We conducted a population-based observational cohort study from January 1st 2016 to December 31st 2016 including patients from two Danish regions with a contact to an OOH service on the date of hospital contact for acute myocardial infarction, stroke or sepsis. Diagnoses were identified according to the International Statistical Classification of Diseases and Health related Problems 10th Revision (ICD-10) . See Additional file 1 for details and ICD-10 codes. Our sepsis definition was based on a previously published definition containing a number of selected ICD-10 codes  and our stroke definition included both hemorrhagic and ischemic stroke. Patients were only included with their first contact if they had more than one hospital contact during the study period. Other inclusion criteria were: minimum 18 years old, residing in one of the two regions, having a valid personal identification number (PIN), and having a contact outside office hours (as the OOH services had different opening hours). This study used the unique 10-digit PIN  for linkage to national registries (i.e. identifying hospital contacts with the diagnoses of interest ) and the OOH service databases (i.e. identifying whether the patient called OOH-PC and/or EMS ). Results are reported according to STROBE guidelines [17, 18].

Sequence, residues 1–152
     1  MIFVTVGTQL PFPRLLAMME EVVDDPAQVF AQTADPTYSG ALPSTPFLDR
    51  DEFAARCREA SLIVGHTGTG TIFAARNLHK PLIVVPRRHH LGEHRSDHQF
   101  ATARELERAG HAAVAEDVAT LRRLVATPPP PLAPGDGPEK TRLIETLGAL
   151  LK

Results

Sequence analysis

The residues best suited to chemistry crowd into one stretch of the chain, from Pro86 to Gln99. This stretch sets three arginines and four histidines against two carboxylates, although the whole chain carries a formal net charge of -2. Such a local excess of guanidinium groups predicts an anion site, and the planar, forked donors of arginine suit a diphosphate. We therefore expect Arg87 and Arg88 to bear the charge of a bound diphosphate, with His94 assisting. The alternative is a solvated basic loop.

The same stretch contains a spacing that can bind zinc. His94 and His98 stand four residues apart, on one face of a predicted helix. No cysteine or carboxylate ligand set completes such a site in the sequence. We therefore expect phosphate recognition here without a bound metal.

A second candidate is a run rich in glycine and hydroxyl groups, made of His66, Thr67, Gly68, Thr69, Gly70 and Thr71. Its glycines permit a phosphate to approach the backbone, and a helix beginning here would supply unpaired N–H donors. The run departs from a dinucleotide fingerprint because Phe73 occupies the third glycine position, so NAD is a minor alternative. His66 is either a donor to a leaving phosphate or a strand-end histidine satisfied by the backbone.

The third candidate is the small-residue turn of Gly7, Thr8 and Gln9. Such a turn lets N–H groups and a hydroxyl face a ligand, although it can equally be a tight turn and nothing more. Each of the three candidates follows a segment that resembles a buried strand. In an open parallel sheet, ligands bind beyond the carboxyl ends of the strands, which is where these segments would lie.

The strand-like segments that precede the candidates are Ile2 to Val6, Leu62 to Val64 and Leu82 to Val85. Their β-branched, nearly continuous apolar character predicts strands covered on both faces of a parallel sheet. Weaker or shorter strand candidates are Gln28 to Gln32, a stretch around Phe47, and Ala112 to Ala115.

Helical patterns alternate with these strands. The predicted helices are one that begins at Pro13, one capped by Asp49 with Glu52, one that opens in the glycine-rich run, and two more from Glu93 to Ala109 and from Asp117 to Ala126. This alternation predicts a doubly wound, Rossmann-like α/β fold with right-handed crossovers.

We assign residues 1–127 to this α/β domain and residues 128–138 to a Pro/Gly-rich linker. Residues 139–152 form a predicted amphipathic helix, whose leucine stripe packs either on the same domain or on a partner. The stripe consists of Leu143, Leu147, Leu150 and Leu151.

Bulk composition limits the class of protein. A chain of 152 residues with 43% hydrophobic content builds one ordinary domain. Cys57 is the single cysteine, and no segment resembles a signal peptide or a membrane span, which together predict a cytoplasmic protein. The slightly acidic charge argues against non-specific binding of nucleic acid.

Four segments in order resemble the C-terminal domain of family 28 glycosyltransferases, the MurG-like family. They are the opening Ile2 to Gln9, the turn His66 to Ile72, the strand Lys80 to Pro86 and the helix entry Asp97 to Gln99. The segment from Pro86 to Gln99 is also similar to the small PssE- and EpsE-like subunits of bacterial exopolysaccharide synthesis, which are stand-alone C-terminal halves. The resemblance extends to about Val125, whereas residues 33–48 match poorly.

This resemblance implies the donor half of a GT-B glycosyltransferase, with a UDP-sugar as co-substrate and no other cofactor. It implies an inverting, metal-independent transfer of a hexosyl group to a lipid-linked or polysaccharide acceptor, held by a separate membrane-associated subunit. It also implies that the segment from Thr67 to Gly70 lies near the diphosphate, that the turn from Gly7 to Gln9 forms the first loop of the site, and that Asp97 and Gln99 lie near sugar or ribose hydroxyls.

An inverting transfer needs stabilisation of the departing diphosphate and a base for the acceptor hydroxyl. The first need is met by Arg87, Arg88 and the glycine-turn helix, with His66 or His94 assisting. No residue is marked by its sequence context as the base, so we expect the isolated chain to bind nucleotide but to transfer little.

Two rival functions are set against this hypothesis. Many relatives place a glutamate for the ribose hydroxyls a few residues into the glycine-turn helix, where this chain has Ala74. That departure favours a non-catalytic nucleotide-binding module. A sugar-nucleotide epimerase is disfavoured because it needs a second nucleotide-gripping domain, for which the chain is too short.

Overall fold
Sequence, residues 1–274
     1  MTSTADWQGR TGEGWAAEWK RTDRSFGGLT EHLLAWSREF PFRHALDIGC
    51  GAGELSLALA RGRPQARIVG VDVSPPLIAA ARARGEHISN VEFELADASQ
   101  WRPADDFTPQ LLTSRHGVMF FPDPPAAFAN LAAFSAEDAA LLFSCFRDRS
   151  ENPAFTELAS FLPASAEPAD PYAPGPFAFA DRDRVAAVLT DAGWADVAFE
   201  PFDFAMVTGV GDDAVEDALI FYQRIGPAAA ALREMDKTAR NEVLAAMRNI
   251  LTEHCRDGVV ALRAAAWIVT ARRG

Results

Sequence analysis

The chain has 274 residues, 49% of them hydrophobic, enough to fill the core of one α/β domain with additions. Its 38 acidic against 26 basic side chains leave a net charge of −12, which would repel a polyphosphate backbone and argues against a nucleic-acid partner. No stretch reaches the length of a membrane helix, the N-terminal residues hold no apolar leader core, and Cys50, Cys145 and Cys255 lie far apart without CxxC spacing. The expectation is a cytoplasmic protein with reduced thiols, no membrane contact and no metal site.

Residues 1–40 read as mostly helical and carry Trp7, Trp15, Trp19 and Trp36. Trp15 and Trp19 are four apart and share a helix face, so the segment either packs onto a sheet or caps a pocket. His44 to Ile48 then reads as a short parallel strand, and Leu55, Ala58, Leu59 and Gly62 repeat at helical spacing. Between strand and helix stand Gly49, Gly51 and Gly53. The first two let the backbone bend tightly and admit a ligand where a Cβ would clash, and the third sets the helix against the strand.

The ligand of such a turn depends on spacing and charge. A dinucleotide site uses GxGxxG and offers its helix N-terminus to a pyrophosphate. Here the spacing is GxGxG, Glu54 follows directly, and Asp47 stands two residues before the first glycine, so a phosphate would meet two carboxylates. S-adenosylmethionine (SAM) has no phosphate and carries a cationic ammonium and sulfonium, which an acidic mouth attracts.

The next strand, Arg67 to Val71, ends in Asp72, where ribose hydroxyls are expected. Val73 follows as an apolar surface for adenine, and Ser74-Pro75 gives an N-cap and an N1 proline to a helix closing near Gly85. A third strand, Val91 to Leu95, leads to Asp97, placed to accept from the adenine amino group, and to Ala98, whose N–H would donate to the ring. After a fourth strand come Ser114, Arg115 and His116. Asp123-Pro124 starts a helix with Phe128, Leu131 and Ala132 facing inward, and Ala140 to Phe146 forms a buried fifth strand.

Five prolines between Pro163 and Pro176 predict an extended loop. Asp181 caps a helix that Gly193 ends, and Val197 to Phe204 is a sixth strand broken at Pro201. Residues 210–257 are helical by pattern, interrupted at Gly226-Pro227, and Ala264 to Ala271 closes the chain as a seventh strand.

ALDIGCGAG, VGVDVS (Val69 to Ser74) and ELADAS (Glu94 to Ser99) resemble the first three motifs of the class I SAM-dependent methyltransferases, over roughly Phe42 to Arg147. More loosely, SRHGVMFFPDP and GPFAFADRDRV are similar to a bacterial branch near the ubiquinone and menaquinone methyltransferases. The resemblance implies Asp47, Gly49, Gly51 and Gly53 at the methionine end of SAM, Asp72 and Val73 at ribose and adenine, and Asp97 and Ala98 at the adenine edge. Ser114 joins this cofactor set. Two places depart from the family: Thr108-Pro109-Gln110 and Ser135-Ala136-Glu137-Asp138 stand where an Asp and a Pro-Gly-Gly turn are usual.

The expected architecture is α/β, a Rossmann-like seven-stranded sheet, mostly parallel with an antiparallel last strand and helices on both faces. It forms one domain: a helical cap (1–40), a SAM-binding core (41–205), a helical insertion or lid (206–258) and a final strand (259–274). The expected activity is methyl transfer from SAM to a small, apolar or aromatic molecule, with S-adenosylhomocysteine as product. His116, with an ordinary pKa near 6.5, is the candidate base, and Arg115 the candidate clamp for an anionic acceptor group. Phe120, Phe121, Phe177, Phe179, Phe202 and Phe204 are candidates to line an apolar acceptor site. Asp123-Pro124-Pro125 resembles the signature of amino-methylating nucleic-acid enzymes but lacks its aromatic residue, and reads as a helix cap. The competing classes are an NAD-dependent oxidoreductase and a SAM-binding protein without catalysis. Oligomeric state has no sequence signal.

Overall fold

Two regions were selected to include patients from three types of OOH services. The North Denmark Region is a mixed rural and urban region with a population of 587,000 inhabitants  and the OOH services available are EMS and GPC. In the urban Capital Region of Copenhagen with 1.8 million inhabitants , the OOH services available are EMS and the Medical Helpline 1813. GPC and MH-1813 are both considered as OOH primary care.
Medical emergency calls to the national emergency number 1-1-2 are forwarded to the regional EMS, when health-related. Primarily nurses answer the calls, using a criteria-based dispatch protocol to assess the urgency and severity of the situation and the appropriate response (e.g. telephone advice, ambulance, paramedics, doctors) [20, 21]. EMS operate in a similar fashion in all five Danish regions. At the GPC, GPs answer all calls, performing triage and assessing the appropriate response (i.e. telephone advice, consultation, home visit or direct referral to hospital) . Nurses (for the most part) and physicians answer the telephone at the Medical Helpline 1813 to decide whether the patient is in need of a telephone advice, consultation, a home visit, or a direct referral to the hospital . The nurses use a decision support tool. Danish healthcare is tax-financed and free of charge, including the OOH services.